Crash_It and dzlsabe are both from the Chicago area. They both fixate on one thing. I don't actually believe they're the same person, but still...
Clinched

Traveled, plus
US 1A, 13, 44, 50, 302
MA 22, 35, 40, 107, 109, 126, 141, 159
ME 22, 25, 26, 77, 100
NH 27, 111A(E); CA 133; NY 366; GA 42, 140; FL A1A, 7; CT 32; VT 2A, 5A; PA 3, 51, 60, QC 162, 165, 263; 🇬🇧A100, A3211, A3213, A3215, A4222; 🇫🇷95 D316

Lowest untraveled: 36

renegade

Must be something in the water.
Don’t ask me how I know.  Just understand that I do.

dlsterner

Quote from: noelbotevera on October 20, 2021, 08:01:28 PM
Quote from: dlsterner on October 08, 2021, 09:03:08 PM
Or driving without the aid of power steering, which was an option in those days.
Aw man, I remember making this mistake - I drove my family's newer Nissan, and shifted the car into drive without turning on the engine. While I was in a parking lot.

I started creeping out of my space and towards another car; I tried steering the wheel but found it incredibly hard to turn until I realized I didn't have power steering. Had to turn on the engine, quickly brake and shift into reverse. That was definitely an "oh shit" moment even though the collision speed would've been negligible.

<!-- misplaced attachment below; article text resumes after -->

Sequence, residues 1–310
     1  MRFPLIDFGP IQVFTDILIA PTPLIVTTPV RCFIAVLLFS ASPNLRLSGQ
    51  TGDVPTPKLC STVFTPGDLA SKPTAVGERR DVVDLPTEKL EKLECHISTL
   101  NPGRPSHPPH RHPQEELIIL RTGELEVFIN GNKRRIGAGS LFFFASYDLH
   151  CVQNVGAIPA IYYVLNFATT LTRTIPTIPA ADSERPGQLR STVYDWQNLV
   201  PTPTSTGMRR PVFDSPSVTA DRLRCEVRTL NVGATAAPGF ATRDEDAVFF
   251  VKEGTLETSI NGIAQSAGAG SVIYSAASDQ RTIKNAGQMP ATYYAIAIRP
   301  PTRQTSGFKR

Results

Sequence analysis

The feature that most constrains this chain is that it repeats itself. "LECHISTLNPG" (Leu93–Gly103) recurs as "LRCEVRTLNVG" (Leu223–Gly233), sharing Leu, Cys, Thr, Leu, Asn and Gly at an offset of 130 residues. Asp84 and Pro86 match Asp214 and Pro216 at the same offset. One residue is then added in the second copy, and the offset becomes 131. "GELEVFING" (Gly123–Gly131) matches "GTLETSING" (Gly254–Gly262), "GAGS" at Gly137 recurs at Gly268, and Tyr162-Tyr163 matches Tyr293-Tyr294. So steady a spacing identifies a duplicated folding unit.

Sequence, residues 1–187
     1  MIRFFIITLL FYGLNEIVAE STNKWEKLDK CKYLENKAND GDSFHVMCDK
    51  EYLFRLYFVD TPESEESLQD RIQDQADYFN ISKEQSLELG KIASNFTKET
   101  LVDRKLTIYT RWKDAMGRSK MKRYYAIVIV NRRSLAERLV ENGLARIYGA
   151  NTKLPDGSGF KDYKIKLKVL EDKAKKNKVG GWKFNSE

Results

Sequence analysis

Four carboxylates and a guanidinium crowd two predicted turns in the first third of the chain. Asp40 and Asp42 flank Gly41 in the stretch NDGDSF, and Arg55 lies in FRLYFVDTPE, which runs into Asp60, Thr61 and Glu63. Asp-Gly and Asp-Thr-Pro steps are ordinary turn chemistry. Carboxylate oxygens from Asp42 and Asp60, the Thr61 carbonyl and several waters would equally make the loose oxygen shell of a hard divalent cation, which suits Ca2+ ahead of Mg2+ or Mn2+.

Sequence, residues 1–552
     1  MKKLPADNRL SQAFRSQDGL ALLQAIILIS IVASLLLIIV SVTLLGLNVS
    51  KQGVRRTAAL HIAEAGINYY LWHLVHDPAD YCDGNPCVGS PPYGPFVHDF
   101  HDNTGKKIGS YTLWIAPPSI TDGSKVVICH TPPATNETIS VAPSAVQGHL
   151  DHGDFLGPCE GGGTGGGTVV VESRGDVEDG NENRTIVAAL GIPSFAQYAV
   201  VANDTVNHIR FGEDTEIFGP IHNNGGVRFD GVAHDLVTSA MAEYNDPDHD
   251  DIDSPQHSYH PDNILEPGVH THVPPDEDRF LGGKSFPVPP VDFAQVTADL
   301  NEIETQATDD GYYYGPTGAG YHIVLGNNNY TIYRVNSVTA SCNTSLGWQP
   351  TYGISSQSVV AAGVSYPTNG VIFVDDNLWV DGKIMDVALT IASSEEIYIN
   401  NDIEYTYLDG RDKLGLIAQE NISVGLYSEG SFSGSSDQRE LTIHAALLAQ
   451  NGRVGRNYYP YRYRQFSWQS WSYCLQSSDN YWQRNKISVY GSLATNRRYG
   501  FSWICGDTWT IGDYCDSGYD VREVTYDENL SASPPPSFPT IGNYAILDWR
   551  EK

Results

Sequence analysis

Bet that was a surprise!

In the time frame I was referring to (mid 1970s) you could buy a car without power steering (or without power brakes for that matter).  When I took Driver's Ed in 10th grade, we had a fleet of about 8-10 cars.  One of them did not have power steering (might have been a Dodge Dart), which we nicknamed "The Tank".  During class, the cars were set up at different stations on the course, you lined up for the ones you wanted, trying to get as much done as you could.  I actually didn't mind "The Tank" that much.  I sometimes would get in its line since it was always shorter than the others!

Flint1979

Quote from: renegade on October 20, 2021, 08:55:24 PM
Must be something in the water.
That's what they used to say about St. Charles, Michigan; it's in the water.

LilianaUwU

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SkyPesos

85 mph may be too high for I-366 (VA 28), but would a speed limit of 85 km/h make sense?

Flint1979

Rocking on a Saturday morning. This is Laskos Restaurant in Midland, Michigan.

hotdogPi